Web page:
Vote NO on November 7th!

Furthering my personal agenda...

An article in Monday's office newsletter:

Writing tip of the week: Passive Voice

Simply put, using passive voice usually means leaving out the “doer” of the sentence. Examples:
Ÿ It would be greatly appreciated (Who is doing the great appreciating?)
Ÿ Money was donated (Who did the donating?)
Ÿ The road was crossed (Who crossed it? Was it the chicken?)

Using passive voice weakens the connection between the “doer” and what s/he did. This can be a good, yet slimy, maneuver if you are a politician who does not want to be linked with an unsavory event. For example: “Laws were passed limiting a woman’s access to emergency contraception.” Who passed these laws? Who do we hold responsible?

But, this is also an unwise choice of wording when the “doer” wants to be credited with the action. Example: “167 people were served.” Who served them? Who did this wonderful thing? Stand up and take credit for what you did!

By carefully choosing when and where we use passive voice, we can make our writing both more effective and more flattering!

Wednesday, June 21, 2006

The big mysteries in life...

Thought for the day:

Why is it that pants sizes and underwear sizes aren’t the same? How can it be that I wear one size in pants and then a size that is more than 10 sizes smaller in underwear? (Flashback: “Actually those ARE my underwear; my butt just looks really big in these pants.”). Similarly, why is it that I wear a 7 ½ shoe but that women’s socks only come in size 9-11? How many women in this country wear a shoe that is a 9, 10 or 11? Why don’t they rename them to something like 6-9? Why must ALL the forces of the world, including clothing manufacturers, conspire to make things just that much more difficult…to give us just one more piece of crap we have to remember?

Tuesday, June 20, 2006

Being Poor

A version of the following "essay" (I have no idea what it should be called) appears in the May/June issue of WORLD ARK magazine. The entire essay is available on the website of the author, John Scalzi, at

Being Poor
by John Scalzi
Being poor is knowing exactly how much everything costs.

Being poor is having to keep buying $800 cars because they're what you can afford, and then having the cars break down on you, because there's not an $800 car in America that's worth a damn.

Being poor is hoping the toothache goes away.

Being poor is knowing your kid goes to friends' houses but never has friends over to yours.

Being poor is going to the restroom before you get in the school lunch line so your friends will be ahead of you and won't hear you say "I get free lunch" when you get to the cashier.

Being poor is a heater in only one room of the house.

Being poor is hoping your kids don't have a growth spurt.

Being poor is stealing meat from the store, frying it up before your mom gets home and then telling her she doesn't have make dinner tonight because you're not hungry anyway.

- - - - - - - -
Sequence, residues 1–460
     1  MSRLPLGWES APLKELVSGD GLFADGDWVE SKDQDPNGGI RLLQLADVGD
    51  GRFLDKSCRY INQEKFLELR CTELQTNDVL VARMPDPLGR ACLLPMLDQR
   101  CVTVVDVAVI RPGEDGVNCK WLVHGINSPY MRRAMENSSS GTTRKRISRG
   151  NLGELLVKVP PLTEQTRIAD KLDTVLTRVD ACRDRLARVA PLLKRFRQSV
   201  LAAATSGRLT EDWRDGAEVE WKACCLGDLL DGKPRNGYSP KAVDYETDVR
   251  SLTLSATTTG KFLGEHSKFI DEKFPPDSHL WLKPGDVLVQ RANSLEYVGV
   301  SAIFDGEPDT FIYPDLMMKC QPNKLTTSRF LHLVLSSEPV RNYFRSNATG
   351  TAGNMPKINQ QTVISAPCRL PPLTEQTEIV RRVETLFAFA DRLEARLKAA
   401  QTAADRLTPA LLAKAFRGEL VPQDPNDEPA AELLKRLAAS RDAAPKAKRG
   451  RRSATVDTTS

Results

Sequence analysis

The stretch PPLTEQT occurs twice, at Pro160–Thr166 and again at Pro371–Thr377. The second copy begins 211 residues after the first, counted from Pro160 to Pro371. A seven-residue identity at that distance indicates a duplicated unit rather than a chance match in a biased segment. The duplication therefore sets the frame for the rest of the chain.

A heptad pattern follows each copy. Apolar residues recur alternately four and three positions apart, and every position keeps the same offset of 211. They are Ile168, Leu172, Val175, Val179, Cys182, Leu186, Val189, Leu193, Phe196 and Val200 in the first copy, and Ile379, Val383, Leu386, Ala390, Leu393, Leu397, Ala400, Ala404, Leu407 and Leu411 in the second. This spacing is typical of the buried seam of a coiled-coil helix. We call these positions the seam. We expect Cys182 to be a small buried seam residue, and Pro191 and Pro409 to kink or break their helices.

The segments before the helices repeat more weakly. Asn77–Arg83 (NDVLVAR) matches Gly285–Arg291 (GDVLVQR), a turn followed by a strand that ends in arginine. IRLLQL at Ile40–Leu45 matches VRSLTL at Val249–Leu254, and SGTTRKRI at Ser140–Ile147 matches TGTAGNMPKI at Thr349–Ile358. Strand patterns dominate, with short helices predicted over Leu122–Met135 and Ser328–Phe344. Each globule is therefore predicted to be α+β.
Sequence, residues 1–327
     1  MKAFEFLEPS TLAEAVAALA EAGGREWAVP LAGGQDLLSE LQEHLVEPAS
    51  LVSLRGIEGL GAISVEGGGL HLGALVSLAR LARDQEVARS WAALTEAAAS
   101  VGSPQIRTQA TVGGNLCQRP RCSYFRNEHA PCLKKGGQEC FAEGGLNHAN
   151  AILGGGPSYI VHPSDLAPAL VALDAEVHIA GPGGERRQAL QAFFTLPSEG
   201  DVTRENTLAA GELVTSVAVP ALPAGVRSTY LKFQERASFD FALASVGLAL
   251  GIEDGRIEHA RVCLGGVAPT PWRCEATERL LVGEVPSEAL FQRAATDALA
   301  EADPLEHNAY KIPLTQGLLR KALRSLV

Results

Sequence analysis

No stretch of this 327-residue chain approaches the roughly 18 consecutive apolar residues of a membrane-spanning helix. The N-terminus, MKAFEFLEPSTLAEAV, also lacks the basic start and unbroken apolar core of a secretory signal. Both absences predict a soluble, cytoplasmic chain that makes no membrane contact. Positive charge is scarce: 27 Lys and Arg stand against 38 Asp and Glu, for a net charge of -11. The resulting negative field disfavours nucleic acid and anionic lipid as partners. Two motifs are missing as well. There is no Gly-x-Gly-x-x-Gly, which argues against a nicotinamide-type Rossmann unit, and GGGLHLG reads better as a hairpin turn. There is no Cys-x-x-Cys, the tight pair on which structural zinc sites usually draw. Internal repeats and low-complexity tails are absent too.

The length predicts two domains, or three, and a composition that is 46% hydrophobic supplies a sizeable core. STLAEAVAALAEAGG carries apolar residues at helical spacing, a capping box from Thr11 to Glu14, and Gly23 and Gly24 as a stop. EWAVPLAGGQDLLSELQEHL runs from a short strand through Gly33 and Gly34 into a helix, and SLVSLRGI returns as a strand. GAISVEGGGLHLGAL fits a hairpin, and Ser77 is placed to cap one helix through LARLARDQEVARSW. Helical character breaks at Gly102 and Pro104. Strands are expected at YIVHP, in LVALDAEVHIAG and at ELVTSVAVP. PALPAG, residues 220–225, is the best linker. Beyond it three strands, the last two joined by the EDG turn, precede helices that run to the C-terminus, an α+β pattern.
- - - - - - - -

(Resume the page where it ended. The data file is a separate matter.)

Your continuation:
Being poor is Goodwill underwear.

Being poor is thinking $8 an hour is a really good deal.

Being poor is finding the letter your mom wrote to your dad, begging him for the child support.

Being poor is believing a GED actually makes a goddamned difference.

Being poor is not taking the job because you can't find someone you trust to watch your kids.

Being poor is the police busting into the apartment right next to yours.

Being poor is not talking to that girl because she'll probably just laugh at your clothes.

Being poor is hoping you'll be invited for dinner.

Being poor is a sidewalk with lots of brown glass on it.

Being poor is needing that 35-cent raise.

Being poor is your kid's teacher assuming you don't have any books in your home.

Being poor is $6 short on the utility bill and no way to close the gap.

Being poor is crying when you drop the mac and cheese on the floor.

Being poor is knowing you work as hard as anyone, anywhere.

Being poor is people surprised to discover you're not actually stupid.

Being poor is people surprised to discover you're not actually lazy.

Being poor is never buying anything someone else hasn't bought first.

Being poor is having to live with choices you didn't know you made when you were 14 years old.

Being poor is getting tired of people wanting you to be grateful.

Being poor is knowing you're being judged.

Being poor is a box of crayons and a $1 coloring book from a community center Santa.

Being poor is deciding that it's all right to base a relationship on shelter.

Being poor is hoping the register lady will spot you the dime.

Being poor is a cough that doesn't go away.

Being poor is four years of night classes for an Associates of Art degree.

Being poor is people who have never been poor wondering why you choose to be so.

Being poor is knowing how hard it is to stop being poor.

Being poor is seeing how few options you have.

Being poor is people wondering why you didn't leave.